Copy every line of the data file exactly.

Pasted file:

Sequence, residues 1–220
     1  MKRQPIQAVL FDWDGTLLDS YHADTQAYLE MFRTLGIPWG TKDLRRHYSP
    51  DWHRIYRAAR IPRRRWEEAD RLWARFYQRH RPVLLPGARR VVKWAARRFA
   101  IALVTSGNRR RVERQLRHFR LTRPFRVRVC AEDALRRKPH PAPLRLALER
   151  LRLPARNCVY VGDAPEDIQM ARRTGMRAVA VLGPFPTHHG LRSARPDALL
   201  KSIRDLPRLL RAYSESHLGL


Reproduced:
Sequence, residues 1–220
     1  MKRQPIQAVL FDWDGTLLDS YHADTQAYLE MFRTLGIPWG TKDLRRHYSP
    51  DWHRIYRAAR IPRRRWEEAD RLWARFYQRH RPVLLPGARR VVKWAARRFA
   101  IALVTSGNRR RVERQLRHFR LTRPFRVRVC AEDALRRKPH PAPLRLALER
   151  LRLPARNCVY VGDAPEDIQM ARRTGMRAVA VLGPFPTHHG LRSARPDALL
   201  KSIRDLPRLL RAYSESHLGL